This week we’re trying something a little different. In place of a book review, we’re sharing the need-to-know on a paradigm-shifting report published earlier this month, Food in the Anthropocene: the EAT–Lancet Commission on healthy diets from sustainable food systems (EAT-Lancet Commission 2019) by Prof. Walter Willett, MD, Prof. Johan Rockström, PhD, Brent Loken, PhD, et al.
Jo-Anne McArthur/We Animals
Australian documentary filmmaker James Hyams is out to show us what it looks like when the hunters become the hunted. When humans fall victim to their own cruel devices, enslaved on factory farms, who will survive?
The scene is set. But part of the story of this film is that it cannot happen without your help. The musical scoring, the lighting, the special effects, it all costs money. For a film with such a distinct vegan message, a little help could go a long way. The project is approaching 80% of its funding goal. Check it out here on Indiegogo.
The Climate A List recognizes the world’s most sustainable companies every year. Each of the companies on the A List–and it’s worth noting, not everyone passed with flying colors–are committed to environmental stewardship.
According to the Carbon Disclosure Project, which puts out the Climate A List, companies representing more than 50% of the global market cap are developing constructive approaches to climate change, water security, and deforestation. But what about meat?
A new report from Chef’s Pencil has crowned a new vegan capital of the world using Google search data.
Veganism is more searchable than ever. According to the report, the popularity of vegan-related searches on Google jumped 35% over the past two years. This means more people are searching vegan in more places around the world.
As we near the end of Veganuary, the annual challenge for non-vegans to go vegan for the month (and hopefully carry it into the rest of the new year), let’s revisit a classic. How To Go Vegan: The why, the how, and everything you need to make going vegan easy, the guidebook to Veganuary by Kate Schuler (Hodder & Stoughton 2017), is a great point of reference for anyone who is curious about going vegan.
“If slaughterhouses had glass walls, we’d all be vegetarians.”
The Beatle and decades-long vegetarian, Paul McCartney, has been speaking out for animal rights for many years.
The quote is short but speaks volumes. People don’t want to know the truth.
Most people, even meat eaters, love animals. Aside from fishers and hunters, it will be hard for you to find someone that willingly hurts or kills animals. And even if you ask the biggest meat eater you know whether or not he or she likes animal suffering, they will likely say no.
The disconnect between people and meat is simply astonishing. Urbanization has taken people from the farms and into cities where they have no connection to animals.
Slaughterhouses are kept at a distance and don’t try to attract visitors. While some allow tours, photography and video are generally prohibited.
Jo-Anne McArthur/We Animals
A new report from World Animal Protection identifies the cruel mistreatment of chickens by suppliers to eight of the world’s largest fast food companies—including Burger King, Domino’s, Starbucks, KFC, Pizza Hut, Subway, Nando’s, and McDonald’s.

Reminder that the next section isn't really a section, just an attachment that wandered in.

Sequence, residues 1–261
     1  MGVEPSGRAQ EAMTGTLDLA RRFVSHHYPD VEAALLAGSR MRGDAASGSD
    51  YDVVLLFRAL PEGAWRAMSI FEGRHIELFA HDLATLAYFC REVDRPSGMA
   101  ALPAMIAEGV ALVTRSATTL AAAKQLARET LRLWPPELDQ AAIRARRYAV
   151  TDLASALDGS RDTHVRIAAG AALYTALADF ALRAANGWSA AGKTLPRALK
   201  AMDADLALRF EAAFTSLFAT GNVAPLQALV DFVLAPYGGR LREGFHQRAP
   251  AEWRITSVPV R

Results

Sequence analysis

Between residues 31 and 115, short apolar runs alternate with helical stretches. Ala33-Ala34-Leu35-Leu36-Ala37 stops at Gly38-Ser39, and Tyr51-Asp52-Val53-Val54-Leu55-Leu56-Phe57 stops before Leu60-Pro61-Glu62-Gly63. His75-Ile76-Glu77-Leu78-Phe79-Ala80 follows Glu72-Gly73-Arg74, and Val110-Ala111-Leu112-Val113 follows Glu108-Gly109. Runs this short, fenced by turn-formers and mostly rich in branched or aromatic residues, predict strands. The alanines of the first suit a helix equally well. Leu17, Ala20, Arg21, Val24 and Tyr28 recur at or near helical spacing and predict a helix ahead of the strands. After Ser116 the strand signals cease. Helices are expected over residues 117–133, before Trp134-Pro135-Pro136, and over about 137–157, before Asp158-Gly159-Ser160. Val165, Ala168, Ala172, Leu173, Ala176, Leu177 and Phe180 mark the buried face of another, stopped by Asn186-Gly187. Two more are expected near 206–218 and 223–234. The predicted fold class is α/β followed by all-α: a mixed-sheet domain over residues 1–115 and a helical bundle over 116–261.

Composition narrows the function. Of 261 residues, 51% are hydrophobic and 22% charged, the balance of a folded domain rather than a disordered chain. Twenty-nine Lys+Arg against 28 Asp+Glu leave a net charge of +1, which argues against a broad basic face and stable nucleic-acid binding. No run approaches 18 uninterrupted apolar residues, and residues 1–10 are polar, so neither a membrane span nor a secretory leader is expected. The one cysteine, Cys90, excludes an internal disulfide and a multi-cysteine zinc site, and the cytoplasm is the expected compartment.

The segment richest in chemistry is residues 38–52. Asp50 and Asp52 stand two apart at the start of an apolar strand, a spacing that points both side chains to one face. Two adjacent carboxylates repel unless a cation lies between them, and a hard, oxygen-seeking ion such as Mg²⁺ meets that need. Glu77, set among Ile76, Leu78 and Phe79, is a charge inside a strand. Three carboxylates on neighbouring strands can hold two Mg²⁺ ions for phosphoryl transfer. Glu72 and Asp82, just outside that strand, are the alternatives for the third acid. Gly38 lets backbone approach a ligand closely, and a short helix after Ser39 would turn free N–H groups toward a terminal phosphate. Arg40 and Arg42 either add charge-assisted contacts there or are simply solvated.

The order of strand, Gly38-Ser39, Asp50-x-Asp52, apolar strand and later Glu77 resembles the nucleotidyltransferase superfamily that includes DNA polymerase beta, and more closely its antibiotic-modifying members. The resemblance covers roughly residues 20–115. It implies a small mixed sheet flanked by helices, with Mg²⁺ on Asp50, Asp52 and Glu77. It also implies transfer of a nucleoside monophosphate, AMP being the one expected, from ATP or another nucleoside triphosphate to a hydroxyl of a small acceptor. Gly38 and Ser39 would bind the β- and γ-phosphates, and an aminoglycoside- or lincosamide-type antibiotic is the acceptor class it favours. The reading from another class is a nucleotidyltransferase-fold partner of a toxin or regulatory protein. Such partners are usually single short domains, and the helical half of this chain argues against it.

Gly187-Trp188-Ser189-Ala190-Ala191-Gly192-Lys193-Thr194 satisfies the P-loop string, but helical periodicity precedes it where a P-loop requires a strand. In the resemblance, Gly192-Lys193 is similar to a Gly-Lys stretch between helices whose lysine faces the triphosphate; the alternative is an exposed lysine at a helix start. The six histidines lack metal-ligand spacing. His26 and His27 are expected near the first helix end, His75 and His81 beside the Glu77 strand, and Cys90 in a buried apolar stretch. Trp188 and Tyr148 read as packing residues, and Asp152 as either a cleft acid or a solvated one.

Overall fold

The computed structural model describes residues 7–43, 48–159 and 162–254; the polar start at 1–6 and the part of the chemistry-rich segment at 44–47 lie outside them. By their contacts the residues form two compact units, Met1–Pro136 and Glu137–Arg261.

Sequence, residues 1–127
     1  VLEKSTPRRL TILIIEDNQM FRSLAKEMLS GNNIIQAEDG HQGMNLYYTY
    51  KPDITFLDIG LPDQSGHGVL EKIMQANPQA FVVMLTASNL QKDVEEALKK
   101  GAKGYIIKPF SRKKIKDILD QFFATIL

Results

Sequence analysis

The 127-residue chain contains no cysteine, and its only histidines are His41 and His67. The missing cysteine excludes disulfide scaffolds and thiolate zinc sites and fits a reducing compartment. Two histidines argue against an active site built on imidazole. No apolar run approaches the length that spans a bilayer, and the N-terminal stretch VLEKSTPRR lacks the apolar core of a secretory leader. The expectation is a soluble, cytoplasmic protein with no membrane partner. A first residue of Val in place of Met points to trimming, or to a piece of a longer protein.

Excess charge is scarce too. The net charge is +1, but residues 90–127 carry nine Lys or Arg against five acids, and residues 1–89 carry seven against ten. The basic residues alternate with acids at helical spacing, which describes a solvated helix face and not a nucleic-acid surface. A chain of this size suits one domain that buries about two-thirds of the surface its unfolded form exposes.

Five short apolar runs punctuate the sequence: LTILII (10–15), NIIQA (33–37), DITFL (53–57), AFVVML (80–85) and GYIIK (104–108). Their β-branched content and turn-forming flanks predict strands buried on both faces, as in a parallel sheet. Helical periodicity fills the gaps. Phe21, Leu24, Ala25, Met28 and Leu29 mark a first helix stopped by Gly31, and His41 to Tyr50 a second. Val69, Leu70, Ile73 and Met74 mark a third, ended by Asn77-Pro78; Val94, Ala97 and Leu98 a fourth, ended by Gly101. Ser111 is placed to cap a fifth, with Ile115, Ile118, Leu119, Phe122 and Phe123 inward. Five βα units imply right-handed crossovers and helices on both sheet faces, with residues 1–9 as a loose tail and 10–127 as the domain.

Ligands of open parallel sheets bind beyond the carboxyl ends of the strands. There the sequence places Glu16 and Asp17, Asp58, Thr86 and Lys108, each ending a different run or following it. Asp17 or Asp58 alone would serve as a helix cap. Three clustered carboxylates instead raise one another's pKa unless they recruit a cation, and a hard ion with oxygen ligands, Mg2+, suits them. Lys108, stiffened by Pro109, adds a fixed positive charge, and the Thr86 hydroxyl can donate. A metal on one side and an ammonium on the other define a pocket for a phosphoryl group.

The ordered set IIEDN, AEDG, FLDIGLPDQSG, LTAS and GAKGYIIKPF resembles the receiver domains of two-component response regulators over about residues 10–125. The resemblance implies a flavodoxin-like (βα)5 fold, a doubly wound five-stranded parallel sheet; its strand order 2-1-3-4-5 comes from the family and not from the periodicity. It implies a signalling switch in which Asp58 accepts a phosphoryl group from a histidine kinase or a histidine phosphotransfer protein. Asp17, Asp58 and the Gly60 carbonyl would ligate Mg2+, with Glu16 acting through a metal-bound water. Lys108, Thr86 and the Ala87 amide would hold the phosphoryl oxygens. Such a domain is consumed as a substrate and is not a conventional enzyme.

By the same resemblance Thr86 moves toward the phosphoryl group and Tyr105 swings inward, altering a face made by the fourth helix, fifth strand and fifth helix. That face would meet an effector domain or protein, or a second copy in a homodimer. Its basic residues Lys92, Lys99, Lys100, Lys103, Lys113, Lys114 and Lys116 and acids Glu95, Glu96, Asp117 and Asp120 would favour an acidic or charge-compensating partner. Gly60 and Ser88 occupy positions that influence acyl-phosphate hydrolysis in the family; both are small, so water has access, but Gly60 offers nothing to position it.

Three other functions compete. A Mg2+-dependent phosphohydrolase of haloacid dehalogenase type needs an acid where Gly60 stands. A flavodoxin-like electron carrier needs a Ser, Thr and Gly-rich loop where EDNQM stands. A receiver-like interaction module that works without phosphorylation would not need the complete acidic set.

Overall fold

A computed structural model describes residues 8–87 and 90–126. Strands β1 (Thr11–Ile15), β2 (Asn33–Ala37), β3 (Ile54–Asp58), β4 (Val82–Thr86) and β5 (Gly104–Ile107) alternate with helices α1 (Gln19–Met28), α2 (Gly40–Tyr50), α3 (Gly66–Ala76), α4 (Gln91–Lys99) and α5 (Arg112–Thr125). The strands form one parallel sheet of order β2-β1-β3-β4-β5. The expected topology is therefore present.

Every year, billions of chickens live and die on factory farms. They spend their lives crowded into industrial feeding operations where they barely have enough room to flap their wings. Many suffocate and die to due overcrowding. Then over the course of just 40 days, they reach full size. This unnaturally fast growth cycle and lack of mobility take a toll on their bodies. Many develop lameness and are in constant pain.
This book is fascinating. We all get hungry, have cravings, and don’t really know why. Let Rachel Herz’s Why You Eat What You Eat: The Science Behind Our Relationship With Food (W.W. Norton & Company 2019) tell you exactly why you eat what you eat in intricate detail. Dietary science is something to wrap your head around–in a bittersweet kind of way–and this book will help you do that.
Making the most out of a not-so-good thing can feel, well, kinda good, like ordering off of the secret vegan and vegetarian menu at your local fast food joint. It’s not healthy, but at least it’s vegan. Where else can you get a Spicy Potato Soft Taco for $1?
At burger spots like White Castle, eating vegan is trendy. Ads for the Impossible Slider, made with a mini plant-based Impossible Burger patty, featured the Wu-Tang Clan and Kal Penn, co-star of Harold and Kumar Go to White Castle.
At $1.99, the Impossible Slider increased White Castle’s market share at locations selling the Impossible Slider by 250% when it was first released. It’s now available in all 377 White Castle locations nationwide.
But not everyone makes it easy to order vegan. Why are they keeping all these vegan options secret, anyway?
The meat industry has evolved over the years to include lots of food products that don’t resemble their original form. Some can say that this is done strategically to create a larger disconnect between people and their food choices.
Processed meats are the products of manipulation that drastically change fresh meat into something else.
This “something else” is designed to be consumed in a convenient and cheap way.
Some of the most popular processed meats include bacon, jerky, sausage, salami, and corned beef. In many cases, processed meats are engineered to last longer on the shelf or to be packaged for fast and easy consumption.
Processed meats are made for the convenience of a growing population that doesn’t have the time or desire to cook.
They are simple solutions in a world that is becoming more and more fast paced by the day.
But what is the cost for these “convenient” food-like products?